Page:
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National space standards

The national space standard deals with internal space within new dwellings and is suitable for application across all tenures. It sets out requirements for the gross internal floor area of new dwellings at a defined level of occupancy as well as floor areas and dimensions for key parts of the home, notably bedrooms, storage and floor to ceiling height. However, these can only be applied where there is a local plan policy based on evidenced local need and where the viability of the development is not compromised.

There are usually no space standards on conversions undertaken under the General Permitted Development Order (GPDO). The space standards and in particular the HMO Minimum room sizes can be larger if defined in the Local Plan – so do not assume that a) the rules below apply and b) if they do that the limits are not higher. Always get advice from someone who knows before you commit to a layout which will need altering at great expense.

The Planning Practice Guidance states that where a need for internal space standards is identified local authorities should take account of need (based on evidence on the size and type of dwellings currently being built), viability of imposing the standards, and timing to allow a reasonable transitional period. Government guidance can be found here.

The standard requires that:

  • the dwelling provides at least the gross internal floor area and built-in storage area set out in the table below
  • a dwelling with two or more bedspaces has at least one double (or twin) bedroom
  • in order to provide one bedspace, a single bedroom has a floor area of at least 7.5m² and is at least 2.15m wide
  • in order to provide two bedspaces, a double (or twin bedroom) has a floor area of at least 11.5m²
  • one double (or twin bedroom) is at least 2.75m wide and every other double (or twin) bedroom is at least 2.55m wide
  • any area with a headroom of less than 1.5m is not counted within the Gross Internal Area unless used solely for storage (if the area under the stairs is to be used for storage, assume a general floor area of 1m² within the Gross Internal Area)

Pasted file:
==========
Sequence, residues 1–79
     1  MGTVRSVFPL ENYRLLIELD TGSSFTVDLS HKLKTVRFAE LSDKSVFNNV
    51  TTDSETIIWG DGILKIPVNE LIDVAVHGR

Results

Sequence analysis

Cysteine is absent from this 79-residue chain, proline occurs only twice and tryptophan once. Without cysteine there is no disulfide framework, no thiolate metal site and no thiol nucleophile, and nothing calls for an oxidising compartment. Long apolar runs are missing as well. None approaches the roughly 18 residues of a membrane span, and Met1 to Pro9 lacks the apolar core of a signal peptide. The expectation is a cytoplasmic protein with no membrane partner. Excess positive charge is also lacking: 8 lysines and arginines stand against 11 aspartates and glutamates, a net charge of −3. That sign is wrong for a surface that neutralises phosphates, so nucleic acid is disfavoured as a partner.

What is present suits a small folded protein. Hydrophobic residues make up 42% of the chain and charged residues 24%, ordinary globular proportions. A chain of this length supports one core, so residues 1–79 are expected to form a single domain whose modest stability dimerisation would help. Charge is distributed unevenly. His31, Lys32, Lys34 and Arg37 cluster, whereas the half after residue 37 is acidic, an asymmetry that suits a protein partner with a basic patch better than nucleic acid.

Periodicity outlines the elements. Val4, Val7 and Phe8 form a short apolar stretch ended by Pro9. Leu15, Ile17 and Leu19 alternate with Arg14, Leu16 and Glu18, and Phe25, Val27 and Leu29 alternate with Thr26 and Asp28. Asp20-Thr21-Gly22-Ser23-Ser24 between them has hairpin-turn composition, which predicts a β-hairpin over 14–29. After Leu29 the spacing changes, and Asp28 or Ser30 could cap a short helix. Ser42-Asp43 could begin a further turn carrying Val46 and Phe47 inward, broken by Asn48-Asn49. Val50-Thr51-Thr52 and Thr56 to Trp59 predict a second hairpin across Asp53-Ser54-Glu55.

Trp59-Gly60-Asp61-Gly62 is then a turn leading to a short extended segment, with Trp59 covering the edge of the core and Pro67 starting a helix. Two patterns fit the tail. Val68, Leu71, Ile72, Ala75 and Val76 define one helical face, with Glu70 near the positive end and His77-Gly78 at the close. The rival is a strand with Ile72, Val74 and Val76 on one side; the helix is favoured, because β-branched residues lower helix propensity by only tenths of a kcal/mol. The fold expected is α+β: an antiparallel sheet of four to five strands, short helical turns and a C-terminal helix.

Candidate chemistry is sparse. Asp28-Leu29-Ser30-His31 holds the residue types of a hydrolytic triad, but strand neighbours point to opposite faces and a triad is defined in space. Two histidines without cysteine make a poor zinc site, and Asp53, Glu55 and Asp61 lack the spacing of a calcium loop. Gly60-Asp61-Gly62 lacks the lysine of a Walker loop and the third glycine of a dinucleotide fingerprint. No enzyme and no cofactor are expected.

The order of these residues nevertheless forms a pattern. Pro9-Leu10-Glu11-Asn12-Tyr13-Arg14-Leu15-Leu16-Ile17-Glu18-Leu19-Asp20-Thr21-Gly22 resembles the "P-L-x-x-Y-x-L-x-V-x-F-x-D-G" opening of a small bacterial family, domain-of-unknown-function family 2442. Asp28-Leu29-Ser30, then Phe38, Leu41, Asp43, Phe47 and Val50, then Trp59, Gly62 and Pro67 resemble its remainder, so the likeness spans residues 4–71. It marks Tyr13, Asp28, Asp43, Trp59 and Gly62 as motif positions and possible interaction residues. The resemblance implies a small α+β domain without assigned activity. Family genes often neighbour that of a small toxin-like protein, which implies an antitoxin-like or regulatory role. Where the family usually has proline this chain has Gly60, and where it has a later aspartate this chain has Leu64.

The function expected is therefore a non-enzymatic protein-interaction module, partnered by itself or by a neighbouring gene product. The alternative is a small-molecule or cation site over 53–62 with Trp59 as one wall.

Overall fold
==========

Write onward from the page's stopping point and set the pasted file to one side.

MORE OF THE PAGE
• any other area that is used solely for storage and has a headroom of 900 – 1500mm (such as under eaves) is counted at 50% of its floor area, and any area lower than 900mm is not counted at all
  • a built-in wardrobe counts towards the Gross Internal Area and bedroom floor area requirements, but should not reduce the effective width of the room below the minimum widths set out above. The built-in area in excess of 0.72m² in a double bedroom and 0.36m² in a single bedroom counts towards the built-in storage requirement
  • the minimum floor to ceiling height is 2.3m for at least 75% of the Gross Internal Area

Space standard

Minimum gross internal floor areas and storage (m²)

[2] Where a one person flat has a shower room rather than a bathroom, the floor area may be reduced from 39m² to 37m².

Where the table is greyed out – you would need to opt for more bedrooms or more persons in order to comply with the standards. In other words they do not allow a three-storey dwelling for one person.

Minimum Room Sizes

The building regulations do not set minimum room sizes, however they do include requirements that impact on the size of a room, such as manoeuvring space for wheelchair users in accessible rooms, door widths, corridor widths and so on.

HMO minimum bedroom sizes

In October 2018 the government introduced new minimum bedroom sizes for HMOs. These are

  • Room used for sleeping by 1 adult: No smaller than 6.51 m²
  • Room used for sleeping by 2 adults: No smaller than 10.22 m²
  • Room used for sleeping by children of 10 years and younger: No smaller than 4.64 m²

Note in some areas these sizes are larger. So always check with a planning consultant who knows the area where you are planning the HMO.

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